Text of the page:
Perl C++ XS Other
Fetching latest commit…
Cannot retrieve the latest commit at this time.
|Failed to load latest commit information.|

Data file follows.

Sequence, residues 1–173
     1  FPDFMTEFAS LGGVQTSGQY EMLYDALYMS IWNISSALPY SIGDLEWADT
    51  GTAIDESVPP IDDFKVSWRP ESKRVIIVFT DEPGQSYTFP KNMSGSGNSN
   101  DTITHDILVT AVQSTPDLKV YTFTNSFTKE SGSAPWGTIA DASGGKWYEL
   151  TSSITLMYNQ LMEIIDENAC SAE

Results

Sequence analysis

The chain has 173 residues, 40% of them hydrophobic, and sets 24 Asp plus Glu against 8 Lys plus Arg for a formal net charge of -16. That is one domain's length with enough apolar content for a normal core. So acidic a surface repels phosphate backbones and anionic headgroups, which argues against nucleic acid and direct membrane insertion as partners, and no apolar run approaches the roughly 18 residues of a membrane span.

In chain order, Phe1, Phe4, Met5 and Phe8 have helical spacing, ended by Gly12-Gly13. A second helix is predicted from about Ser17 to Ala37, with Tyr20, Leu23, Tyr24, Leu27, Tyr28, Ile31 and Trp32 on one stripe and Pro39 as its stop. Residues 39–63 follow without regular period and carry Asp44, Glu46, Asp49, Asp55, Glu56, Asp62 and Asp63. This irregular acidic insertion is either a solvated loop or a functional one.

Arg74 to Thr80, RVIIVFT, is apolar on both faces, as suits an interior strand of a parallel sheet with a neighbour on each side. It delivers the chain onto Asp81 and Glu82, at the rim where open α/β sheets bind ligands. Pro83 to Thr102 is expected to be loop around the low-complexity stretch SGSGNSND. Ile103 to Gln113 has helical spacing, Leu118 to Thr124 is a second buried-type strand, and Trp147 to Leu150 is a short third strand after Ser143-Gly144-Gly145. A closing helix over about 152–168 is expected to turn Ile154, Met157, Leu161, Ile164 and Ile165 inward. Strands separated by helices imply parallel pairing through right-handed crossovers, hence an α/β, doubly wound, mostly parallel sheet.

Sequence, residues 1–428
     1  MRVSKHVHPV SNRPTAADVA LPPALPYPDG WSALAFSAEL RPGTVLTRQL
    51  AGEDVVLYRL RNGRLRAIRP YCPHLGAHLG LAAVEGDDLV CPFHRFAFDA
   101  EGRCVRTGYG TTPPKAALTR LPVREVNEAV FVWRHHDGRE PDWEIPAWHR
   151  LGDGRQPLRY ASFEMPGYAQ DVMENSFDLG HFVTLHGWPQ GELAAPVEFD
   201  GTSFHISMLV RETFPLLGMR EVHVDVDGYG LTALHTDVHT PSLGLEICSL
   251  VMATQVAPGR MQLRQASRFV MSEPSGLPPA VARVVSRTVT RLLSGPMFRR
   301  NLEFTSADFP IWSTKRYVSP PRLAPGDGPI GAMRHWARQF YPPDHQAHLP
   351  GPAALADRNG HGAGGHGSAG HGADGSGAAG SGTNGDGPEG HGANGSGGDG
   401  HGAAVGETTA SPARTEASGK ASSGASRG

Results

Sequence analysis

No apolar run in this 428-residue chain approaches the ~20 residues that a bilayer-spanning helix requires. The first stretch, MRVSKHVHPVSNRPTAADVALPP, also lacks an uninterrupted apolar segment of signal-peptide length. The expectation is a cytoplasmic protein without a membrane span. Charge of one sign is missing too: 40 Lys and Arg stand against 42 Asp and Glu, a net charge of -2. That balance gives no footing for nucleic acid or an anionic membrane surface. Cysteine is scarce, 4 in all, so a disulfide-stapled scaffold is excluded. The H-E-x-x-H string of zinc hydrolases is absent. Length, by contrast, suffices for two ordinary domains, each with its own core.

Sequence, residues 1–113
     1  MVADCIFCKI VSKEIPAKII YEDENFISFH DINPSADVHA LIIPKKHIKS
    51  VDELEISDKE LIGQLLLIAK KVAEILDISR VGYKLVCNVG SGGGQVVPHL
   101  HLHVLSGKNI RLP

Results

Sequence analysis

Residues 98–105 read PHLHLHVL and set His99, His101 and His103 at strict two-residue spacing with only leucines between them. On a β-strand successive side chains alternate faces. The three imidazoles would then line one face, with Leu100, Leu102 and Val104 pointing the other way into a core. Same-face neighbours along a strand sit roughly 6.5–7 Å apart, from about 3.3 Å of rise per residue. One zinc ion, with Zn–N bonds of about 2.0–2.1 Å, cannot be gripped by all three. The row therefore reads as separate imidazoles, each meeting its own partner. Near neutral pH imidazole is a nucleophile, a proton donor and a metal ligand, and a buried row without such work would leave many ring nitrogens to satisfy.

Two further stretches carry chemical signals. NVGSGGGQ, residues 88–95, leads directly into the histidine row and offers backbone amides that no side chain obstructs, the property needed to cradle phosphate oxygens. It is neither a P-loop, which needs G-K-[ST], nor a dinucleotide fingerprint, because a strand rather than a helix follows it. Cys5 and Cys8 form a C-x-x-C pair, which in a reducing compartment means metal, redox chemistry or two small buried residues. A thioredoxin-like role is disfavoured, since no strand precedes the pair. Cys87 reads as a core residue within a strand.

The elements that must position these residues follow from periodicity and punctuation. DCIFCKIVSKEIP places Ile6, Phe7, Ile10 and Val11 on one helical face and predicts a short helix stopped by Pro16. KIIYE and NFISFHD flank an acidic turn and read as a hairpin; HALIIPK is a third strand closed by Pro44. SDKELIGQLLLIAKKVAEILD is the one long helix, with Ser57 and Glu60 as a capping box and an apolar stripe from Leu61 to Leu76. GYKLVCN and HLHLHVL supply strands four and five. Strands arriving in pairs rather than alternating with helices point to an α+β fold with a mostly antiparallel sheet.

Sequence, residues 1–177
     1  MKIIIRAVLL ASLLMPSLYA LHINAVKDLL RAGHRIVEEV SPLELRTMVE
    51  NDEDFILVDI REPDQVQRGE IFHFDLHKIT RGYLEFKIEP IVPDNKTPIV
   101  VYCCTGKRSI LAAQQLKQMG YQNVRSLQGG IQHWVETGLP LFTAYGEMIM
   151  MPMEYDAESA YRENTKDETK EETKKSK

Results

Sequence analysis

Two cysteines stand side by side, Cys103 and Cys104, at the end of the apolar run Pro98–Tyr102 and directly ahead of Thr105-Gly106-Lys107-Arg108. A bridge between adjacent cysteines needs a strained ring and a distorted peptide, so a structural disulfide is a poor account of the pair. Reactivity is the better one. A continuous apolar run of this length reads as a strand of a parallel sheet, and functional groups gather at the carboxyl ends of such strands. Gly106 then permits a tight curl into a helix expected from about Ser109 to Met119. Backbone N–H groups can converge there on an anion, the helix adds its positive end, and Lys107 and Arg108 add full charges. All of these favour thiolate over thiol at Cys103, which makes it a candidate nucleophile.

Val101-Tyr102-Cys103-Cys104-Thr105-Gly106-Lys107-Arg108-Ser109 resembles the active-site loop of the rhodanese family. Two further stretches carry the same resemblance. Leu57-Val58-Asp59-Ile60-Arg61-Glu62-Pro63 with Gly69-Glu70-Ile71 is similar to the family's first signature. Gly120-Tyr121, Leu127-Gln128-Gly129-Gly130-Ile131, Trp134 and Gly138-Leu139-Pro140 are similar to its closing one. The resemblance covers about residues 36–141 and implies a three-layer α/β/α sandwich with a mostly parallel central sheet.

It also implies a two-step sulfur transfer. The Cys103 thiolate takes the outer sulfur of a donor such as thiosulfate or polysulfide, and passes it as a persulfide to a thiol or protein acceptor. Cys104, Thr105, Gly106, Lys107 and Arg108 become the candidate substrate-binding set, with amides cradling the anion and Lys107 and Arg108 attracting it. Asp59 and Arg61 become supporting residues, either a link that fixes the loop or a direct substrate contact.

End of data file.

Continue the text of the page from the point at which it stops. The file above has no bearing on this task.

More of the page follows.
Template Toolkit Version 2.20 7th August 2008 Copyright (C) 1996-2008 Andy Wardley. All Rights Reserved This is free software; you can redistribute it and/or modify it under the same terms as Perl itself. QUICK START (see INSTALL for further details) ----------- The latest version of the Template Toolkit can be retrieved from: http://www.cpan.org/modules/by-module/Template/ Fetch and install AppConfig 1.56 if you don't already have it installed. Available from CPAN in: http://www.cpan.org/authors/Andy_Wardley/ To install the Template Toolkit: tar zxf Template-Toolkit-2.20.tar.gz cd Template-Toolkit-2.20 perl Makefile.PL make make test make install The Makefile.PL will prompt for additional configuration options, including the installation of optional template libraries, HTML documentation and examples. You can safely answer 'n' to all of these questions for a quick and basic installation. If you're running ActivePerl on a Win32 platform then you can use the Perl Package Manager (PPM) to install the Template Toolkit. Chris Winters maintains a repository of pre-compiled PPM packages which contains the Template Toolkit, AppConfig and others. For further information, see: http://openinteract.sourceforge.net/ For further details on installation, see the separate INSTALL file. DESCRIPTION ----------- The Template Toolkit is a collection of modules which implement a fast, flexible, powerful and extensible template processing system. It was originally designed and remains primarily useful for generating dynamic web content, but it can be used equally well for processing any other kind of text based documents: HTML, XML, POD, PostScript, LaTeX, and so on. It can be used as a stand-alone Perl module or embedded within an Apache/mod_perl server for generating highly configurable dynamic web content. A number of Perl scripts are also provided which can greatly simplify the process of creating and managing static web content and other offline document systems. WHAT'S NEW? ----------- Version 2.20 fixes all known bugs. It also adds the Scalar and Assert plugins. The HTML documentation, examples, libraries and other bits and pieces are still provided with the distribution, but are no longer installed by the Makefile.PL. If you want them (and very few people do, it seems), then you'll need to dig them out of the distribution by yourself (or uncomment the commented-out lines in Makefile.PL that handle the installation). This has been done in an effort to simplify the installation process. All of the HTML documentation is available online at http://tt2.org/ Version 2.19 fixed some minor bugs in both Perl and XS versions of the Template Stash, and fixed a problem with a test in the test suite failing under Win32. It also added the url filter as a version of what the uri filter used to do before we fixed it to do the right thing. Version 2.18 fixes a number of minor bugs. It also includes a modification to the parser grammar so that you can write expressions as arguments to subroutine, method or vmethod calls. Versions 2.17 and 2.16 were interim releases by Adam Kennedy who took care of some installation problems on Mac OSX while Andy was busy elsewhere. Version 2.15 is a major maintenance release. It applies all outstanding patches and closes all open bugs listed on http://rt.cpan.org/ It includes: * XS Stash: enhancements include support for tied hashes/arrays and "fallback" methods on objects (e.g. accessing hash and list items and calling virtual methods) * Virtual Methods: added the scalar.remove, scalar.substr, hash.delete, hash.items, hash.pairs, list.import and list.hash virtual methods. Added support for backreferences to scalar.replace and other improvements to list.push, list.unshift, list.hash, hash.list * Plugins: Added Math plugin, Bug fixes and enhancements to File, Image, URL and String plugins. Moved DBI, XML and GD plugins into separate distributions. * Numerous other bug fixes, enhancements, documentation updates, all described in detail in the Changes file. More significant is what's not in version 2.15. The DBI plugin has been moved into a separate Template-DBI distribution, the GD plugins into Template-GD, the XML plugins into Template-XML, and the Latex filters into Template-Latex. This has been done in an effort to make the Template Toolkit core distribution smaller, cleaner and easier to configure and install. Version 2.14 added Unicode support to TT, a full set of command line options for tpage, the 'caller' and 'callers' items to each template component, some enhancements to the XML::Simple plugin, and a number of minor bug fixes. See the Changes file for further details of the changes in these and earlier releases. GENERAL FEATURES ---------------- Some of the key features of the Template Toolkit are listed below. See the documentation for further detail. * simple but powerful template language * promotes a clear separation between application functionality and presentation elements * variable substitution allows binding to any Perl data types (scalars, hashes, lists, subs, objects) * conditional blocks (IF/UNLESS/ELSIF/ELSE, SWITCH/CASE) * loops and iterators (FOREACH, WHILE) * file/template inclusion (INSERT, INCLUDE, PROCESS, WRAPPER) * definition of local template components (BLOCK) * post-processing filters (FILTER) * plugin module architecture for easy extensibility (USE) * embedded Perl can be optionally enabled (PERL/RAWPERL) * full exception handling (TRY/THROW/CATCH/FINAL) * user-defined macros (MACRO) * definition of template metadata (META) * virtual methods for complex data types (e.g. list.size, hash.keys, etc.) * numerous configuration options * modular OO architecture allows extensive customisation * fast LALR(1) parser modules compiles templates according to a YACC-like grammar. * templates compiled to Perl code for efficient runtime execution * in-memory and on-disk caching of compiled templates * simple front end module (Template.pm) for ease of use * numerous plugin modules: CGI, DBI, XML, URL, Date, Table, etc * standard filters for html, case folding, regex search and replace, etc. DOCUMENTATION ------------- The Template Toolkit is provided with enough documentation to keep all but the most voracious reader happy for quite some time. The 'Changes' file in the distribution directory documents all visible changes between versions of the Template Toolkit. See the section 'VERSION COMPATABILITY' below for further details. The 'TODO' file, also in the distribution directory, lists known bugs, planned enhancements and possible new features for future versions. The 'INSTALL' file covers the configuration and installation process. The rest of the documentation is distributed in Pod and HTML formats. The Pod pages are installed when you 'make install' and can be viewed using 'perldoc', e.g. perldoc Template If you're using a Unix based system then the pages should also be converted to manpages suring the 'make install'. Thus, you can also: man Template (the man pages shouldn't have any problems relating to older versions) The HTML documentation and the means to rebuild it can be found in the 'docs' sub-directory of the installation root. If you opted to have it built at installation time, then there should be an 'html' directory within it containing the generated HTML built from the source templates. The documentation is now split into several sections. The 'Template' page is now much shorter, containing information relating to the specifics of using the Template module, and a brief summary of everything else. Information relating more generally to the Template Toolkit, features, syntax of the template language, plugins and so forth, has been split up into a number of Template::Manual::* pages. Template::Manual provides the index for the manual. perldoc Template::Manual Individual sections can be viewed as, for example, perldoc Template::Manual::Syntax perldoc Template::Manual::Directives perldoc Template::Manual::Plugins The Template::Tutorial provides an index to the tutorial documents. There are currently 2 tutorials, on generating web content, and on creating and using data files. perldoc Template::Tutorial perldoc Template::Tutorial::Web perldoc Template::Tutorial::Datafile The new template libraries distributed with the Template Toolkit have some documentation, but be warned that it is rather spartan at present. If you're interested in using these libraries then the examples (in the 'examples' sub-directory) are likely to be much more useful until the documentation catches up. perldoc Template::Library::HTML perldoc Template::Library::Splash Each of the various modules that comprise the Template Toolkit has its own associated documention. The 'Template::Modules' manpage lists these modules along with a brief description of their functions. perldoc Template::Modules See the individual pages for further detail: perldoc Template::Context perldoc Template::Parser perldoc Template::Provider If you're interested in the internals of the Template Toolkit and want to know more about how it all works, then you might like to have a look at the following: perldoc Template::Manual::Internals This document also contains important information for people wishing to hack on the Template Toolkit. The final bit of good news is that there is now a FAQ for the Template Toolkit. perldoc Template::FAQ It's now got a few question in it, and better still, some answers! Further contributions welcome. Most of the documentation is stable and reliable. Where it's not then it's usually marked as such. In particular, the documentation for the template libraries (Template::Library::*), the FAQ (Template::FAQ) and internals (Template::Internals) are all under construction. SUPPORT ------- The Template Toolkit mailing list provides a forum for discussing issues relating to the use and abuse of the Template Toolkit. There are a number of knowledgeable and helpful individuals who frequent the list (including the author) who can often offer help or suggestions. Please respect their time and patience by checking the documentation and/or mailing list archives before asking questions that may already have been answered. To subscribe to the mailing list, send an email to: email@example.com with the message 'subscribe' in the body. You can also use the web interface to subscribe or browse the archives: http://www.template-toolkit.org/mailman/listinfo/templates A low-volume, moderated mailing list exists for announcements about new releases of the Template Toolkit and related products. To subscribe, send an email to: firstname.lastname@example.org with the message 'subscribe' in the body. A web interface also exists for subscription and browsing the archives: http://www.template-toolkit.org/mailman/listinfo/templates-announce For information about commercial support and consultancy for the Template Toolkit, please contact the author. AUTHOR ------ The Template Toolkit was written by Andy Wardley <email@example.com> with the invaluable assistance and contributions from many other people. See Template::Manual::Credits for details. COPYRIGHT --------- Copyright (C) 1996-2008 Andy Wardley. All Rights Reserved. This is free software; you can redistribute it and/or modify it under the same terms as Perl itself.